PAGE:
Human rights - Suicide - Liability for complicity in another's suicide - Claimant being paralysed

Nicklinson v Ministry of Justice: QBD (Mr Justice Charles): 12 March 2012

The claimant was in his late 50s. In 2005, he had a stroke which left him paralysed below the neck and unable to speak.

The claimant brought the instant proceedings to seek the following three declarations: (i) a declaration that it would not be unlawful, on the grounds of necessity, for his GP, or another doctor, to terminate or assist the termination of his life (the necessity declaration); (ii) a declaration that the current law of murder and/or of assisted suicide was incompatible with his rights under article 8 of the European Convention on Human Rights, in so far as it criminalised voluntary active euthanasia and/or assisted suicide (the article 8 declaration); and (iii) a declaration that the existing domestic law and practice failed to adequately regulate the practice of active euthanasia (both voluntary and involuntary), in breach of article 2 of the convention (the article 2 declaration). In considering whether the claimant would be allowed to proceed with his claim a number of preliminary issues fell to be determined by the court.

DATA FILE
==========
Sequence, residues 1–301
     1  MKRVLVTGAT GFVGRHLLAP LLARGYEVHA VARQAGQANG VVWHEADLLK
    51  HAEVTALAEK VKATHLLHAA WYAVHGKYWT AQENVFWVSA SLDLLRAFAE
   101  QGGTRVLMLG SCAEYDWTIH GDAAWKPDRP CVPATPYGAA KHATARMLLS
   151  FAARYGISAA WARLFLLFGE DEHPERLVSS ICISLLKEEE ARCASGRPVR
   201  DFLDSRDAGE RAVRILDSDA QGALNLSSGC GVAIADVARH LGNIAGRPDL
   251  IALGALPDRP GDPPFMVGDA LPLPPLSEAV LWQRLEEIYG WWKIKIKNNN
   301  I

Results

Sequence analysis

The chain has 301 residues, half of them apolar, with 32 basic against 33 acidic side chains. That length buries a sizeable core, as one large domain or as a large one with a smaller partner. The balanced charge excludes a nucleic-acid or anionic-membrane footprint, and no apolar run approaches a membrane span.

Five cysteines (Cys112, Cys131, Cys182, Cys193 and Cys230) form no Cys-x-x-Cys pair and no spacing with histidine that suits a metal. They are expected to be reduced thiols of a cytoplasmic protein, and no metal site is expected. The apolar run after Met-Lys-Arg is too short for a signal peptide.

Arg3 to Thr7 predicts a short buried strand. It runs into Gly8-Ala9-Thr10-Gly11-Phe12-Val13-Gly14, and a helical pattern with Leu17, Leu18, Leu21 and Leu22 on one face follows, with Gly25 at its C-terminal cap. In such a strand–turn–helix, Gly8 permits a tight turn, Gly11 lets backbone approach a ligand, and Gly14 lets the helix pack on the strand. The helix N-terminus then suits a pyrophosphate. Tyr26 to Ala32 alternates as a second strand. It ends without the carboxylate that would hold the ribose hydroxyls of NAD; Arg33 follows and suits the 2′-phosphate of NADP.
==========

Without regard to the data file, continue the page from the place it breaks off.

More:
The principal issues to be determined were: (i) whether the claimant's case in respect of each declaration had any real prospect of success; and (ii) in respect of the necessity declaration, whether it was arguable that the court would actually grant the claimant the declaratory relief that he sought. In respect of the necessity declaration, consideration was given to the general proposition that the courts should be slow to change or develop the law in disputed areas of social policy, particularly when parliament had considered the position and made some changes, or had rejected the opportunity to make changes (the constitutional approach).

In respect of the article 8 declaration, consideration was given to the decisions in R (on the application of Pretty) v DPP [2002] 1 All ER 1 and R (on the application of Purdy) v DPP [2009] 4 All ER 1147 and to the relevant provisions of the Suicide Act 1961. The defendant contended that the article 8 declaration issue had been decided by the House of Lords and Strasbourg in Pretty and the court was bound by those decisions.